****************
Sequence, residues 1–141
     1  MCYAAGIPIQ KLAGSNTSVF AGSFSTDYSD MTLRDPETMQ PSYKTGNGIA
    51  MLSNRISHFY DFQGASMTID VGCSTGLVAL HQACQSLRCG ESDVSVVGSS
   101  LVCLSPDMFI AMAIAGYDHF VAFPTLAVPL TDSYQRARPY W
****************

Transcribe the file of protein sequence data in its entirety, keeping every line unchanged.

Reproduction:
Sequence, residues 1–141
     1  MCYAAGIPIQ KLAGSNTSVF AGSFSTDYSD MTLRDPETMQ PSYKTGNGIA
    51  MLSNRISHFY DFQGASMTID VGCSTGLVAL HQACQSLRCG ESDVSVVGSS
   101  LVCLSPDMFI AMAIAGYDHF VAFPTLAVPL TDSYQRARPY W